Nat Paynter, our Director of Water Programs, has spent the last few weeks in East Africa, monitoring our work. He writes us after spending some time in the devastated Horn of Africa, where the UN says about 12 million people are at risk of starvation from this year’s drought. Here’s Nat’s take:
From Lira, Uganda
As I write this in central Uganda, the streets outside are thick with mud, miring trucks and people. Uganda is almost through the rainy season here, with maize growing strong, healthy cattle grazing and farmers busy preparing to harvest their crops in a few months.
Some 800 miles to the east, the situation is painfully different. Several failed rainy seasons have developed into a full-blown drought, and famine has followed closely behind. Along with the rest of the world, staff at charity: water have been following this situation as it worsened, wondering what we can do to alleviate the suffering in East Africa. charity: water has always worked to bring potable water to people all over the world, from the jungles of C.A.R. to the altiplano of Bolivia. This past July, charity: water approved a grant for nearly $1 million in drought-stricken Turkana, Kenya, to bring water to 45,000 people. A good start, but this drought has made it blazingly clear that we need to preemptively address drought- prone areas, rather than react when droughts strike.
As news of the famine spread, the global community began responding. Water, food, shelter and medical supplies are moving to the refugee camps along the Somali border. Unicef, the I.R.C., Oxfam, Action Against Hunger, Save the Children, the World Food Programme and many others have sprung into action to bring relief.
This response work is critical, but it’s important to remember that this disaster need not have become a catastrophe. What shifts it from an environmental disaster to a human catastrophe is humans. The Kenyan Member of Parliament from Turkana, Mr. John Munyes, reported that deaths among his constituency were not caused by a shortage of food, but by a “lack of logistics.” The Somali militant group Al-Shabab has been restricting access to humanitarian aid for their own purposes. The food is available, the water is available — it’s just not getting to the people who need it.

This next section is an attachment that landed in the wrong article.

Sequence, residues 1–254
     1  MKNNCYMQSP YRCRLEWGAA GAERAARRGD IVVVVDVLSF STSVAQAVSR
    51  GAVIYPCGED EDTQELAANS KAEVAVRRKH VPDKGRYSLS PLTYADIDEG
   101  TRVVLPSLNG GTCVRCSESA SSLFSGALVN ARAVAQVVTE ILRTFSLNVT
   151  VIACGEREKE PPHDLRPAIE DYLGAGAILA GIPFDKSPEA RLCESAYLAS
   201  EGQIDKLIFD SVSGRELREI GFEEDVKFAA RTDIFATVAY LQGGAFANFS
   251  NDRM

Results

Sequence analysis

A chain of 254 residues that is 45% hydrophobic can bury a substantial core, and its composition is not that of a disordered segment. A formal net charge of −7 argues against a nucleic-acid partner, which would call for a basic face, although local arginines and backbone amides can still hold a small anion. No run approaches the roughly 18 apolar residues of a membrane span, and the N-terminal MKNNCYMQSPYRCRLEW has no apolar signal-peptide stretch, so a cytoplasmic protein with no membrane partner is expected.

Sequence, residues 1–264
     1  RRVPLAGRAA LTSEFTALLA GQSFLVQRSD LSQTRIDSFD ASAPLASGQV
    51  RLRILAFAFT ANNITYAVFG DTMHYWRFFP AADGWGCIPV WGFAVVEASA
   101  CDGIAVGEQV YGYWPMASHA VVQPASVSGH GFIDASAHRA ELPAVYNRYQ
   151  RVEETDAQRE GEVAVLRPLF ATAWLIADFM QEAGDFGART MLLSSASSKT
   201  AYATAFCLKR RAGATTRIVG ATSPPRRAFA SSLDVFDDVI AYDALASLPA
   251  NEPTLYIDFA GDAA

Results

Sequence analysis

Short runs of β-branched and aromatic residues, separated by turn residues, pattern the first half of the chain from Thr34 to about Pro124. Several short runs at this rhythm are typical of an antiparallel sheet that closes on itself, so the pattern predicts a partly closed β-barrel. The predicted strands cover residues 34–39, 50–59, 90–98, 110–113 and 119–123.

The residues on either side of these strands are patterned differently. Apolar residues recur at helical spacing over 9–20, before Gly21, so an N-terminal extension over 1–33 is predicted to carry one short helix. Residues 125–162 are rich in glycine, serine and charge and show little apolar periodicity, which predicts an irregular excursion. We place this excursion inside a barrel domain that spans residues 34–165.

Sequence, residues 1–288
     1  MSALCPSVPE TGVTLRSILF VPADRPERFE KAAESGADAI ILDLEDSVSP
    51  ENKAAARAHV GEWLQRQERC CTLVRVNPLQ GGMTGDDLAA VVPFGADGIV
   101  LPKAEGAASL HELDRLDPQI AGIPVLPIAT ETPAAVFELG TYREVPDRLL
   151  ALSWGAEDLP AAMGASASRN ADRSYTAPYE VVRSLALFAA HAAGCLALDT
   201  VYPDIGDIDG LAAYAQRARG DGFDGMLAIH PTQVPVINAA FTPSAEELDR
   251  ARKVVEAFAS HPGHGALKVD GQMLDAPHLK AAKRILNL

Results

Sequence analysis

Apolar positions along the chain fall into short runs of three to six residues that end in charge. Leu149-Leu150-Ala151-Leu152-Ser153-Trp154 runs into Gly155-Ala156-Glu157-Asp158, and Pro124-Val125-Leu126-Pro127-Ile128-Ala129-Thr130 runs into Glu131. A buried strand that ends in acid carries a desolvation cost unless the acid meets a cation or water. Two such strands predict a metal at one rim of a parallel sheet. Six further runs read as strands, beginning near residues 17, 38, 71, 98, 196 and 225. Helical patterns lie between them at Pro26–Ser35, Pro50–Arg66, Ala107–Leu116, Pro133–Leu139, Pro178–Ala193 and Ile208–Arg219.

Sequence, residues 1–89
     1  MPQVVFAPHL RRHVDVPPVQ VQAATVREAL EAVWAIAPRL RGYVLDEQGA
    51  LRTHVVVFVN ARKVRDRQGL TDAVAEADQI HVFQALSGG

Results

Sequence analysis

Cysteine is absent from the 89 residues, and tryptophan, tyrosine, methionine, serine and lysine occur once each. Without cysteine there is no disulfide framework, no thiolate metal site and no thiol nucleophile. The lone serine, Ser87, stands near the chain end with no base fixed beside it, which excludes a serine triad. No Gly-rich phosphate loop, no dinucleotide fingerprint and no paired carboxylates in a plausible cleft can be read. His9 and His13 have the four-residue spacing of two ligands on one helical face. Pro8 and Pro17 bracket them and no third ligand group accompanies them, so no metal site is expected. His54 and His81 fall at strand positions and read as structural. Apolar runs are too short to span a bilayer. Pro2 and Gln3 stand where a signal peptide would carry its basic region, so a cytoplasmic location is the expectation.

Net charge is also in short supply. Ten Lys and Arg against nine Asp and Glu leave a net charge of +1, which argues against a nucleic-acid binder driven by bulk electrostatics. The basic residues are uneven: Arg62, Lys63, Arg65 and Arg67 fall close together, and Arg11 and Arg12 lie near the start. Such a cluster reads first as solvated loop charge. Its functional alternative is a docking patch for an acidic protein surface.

I believe that one of the defining characteristics of development is a widening margin between comfort and catastrophe. In much of North America, Europe and parts of Asia, that margin is wide and stable; reinforced with the social structures we don’t even see — infrastructure, readily-available health care, credit, food security, etc. In much of the developing world, that margin is vanishingly small. One failed crop, one illness, one job loss can push people from living to struggling to live. Each of these disasters — drought, followed by constriction of aid, followed by overcrowding of camps — further narrows that margin of safety until it disappears altogether, and catastrophe follows.
“We can’t predict where the next earthquake will come, but we have a pretty good idea of where and when drought will strike.”
We know drought will come. Drought is a fixture around the world; Russia and Australia have had severe droughts, and the American Midwest recently went through a drought far worse than it experienced during the Dust Bowl. This was a hardship, but not a catastrophe. The challenge then lies with how we plan for and mitigate droughts’ impact in the developing world. How do we keep it in the realm of “disaster” without tipping into “catastrophe”? If the job is done well, can the margin be widened enough so that drought becomes a “hardship”?
Frankly, we — the NGO community — don’t have a very good track record on this front, as we spring from disaster to disaster. We can’t predict where the next earthquake will come, but we have a pretty good idea of where and when drought will strike.
This current drought in East Africa did not appear overnight, but has been a long time in the making. Had the global development agencies invested sufficiently in water programs earlier, this drought may not have become a famine. Therefore, before the next drought strikes, we need to start investing in the drought-prone areas of the world. We know it’s coming, and we need to get ready.
We can never forget that hundreds of millions of people need water every day. They may not be suffering from drought now, but they still struggle to provide their families with clean water. The rains are falling in Lira this year, but that’s no guarantee rain will fall again next year.
This is the constant water crisis.
For every person who gets sustainable water, that margin between comfort and catastrophe gets a bit wider.
Director of Water Programs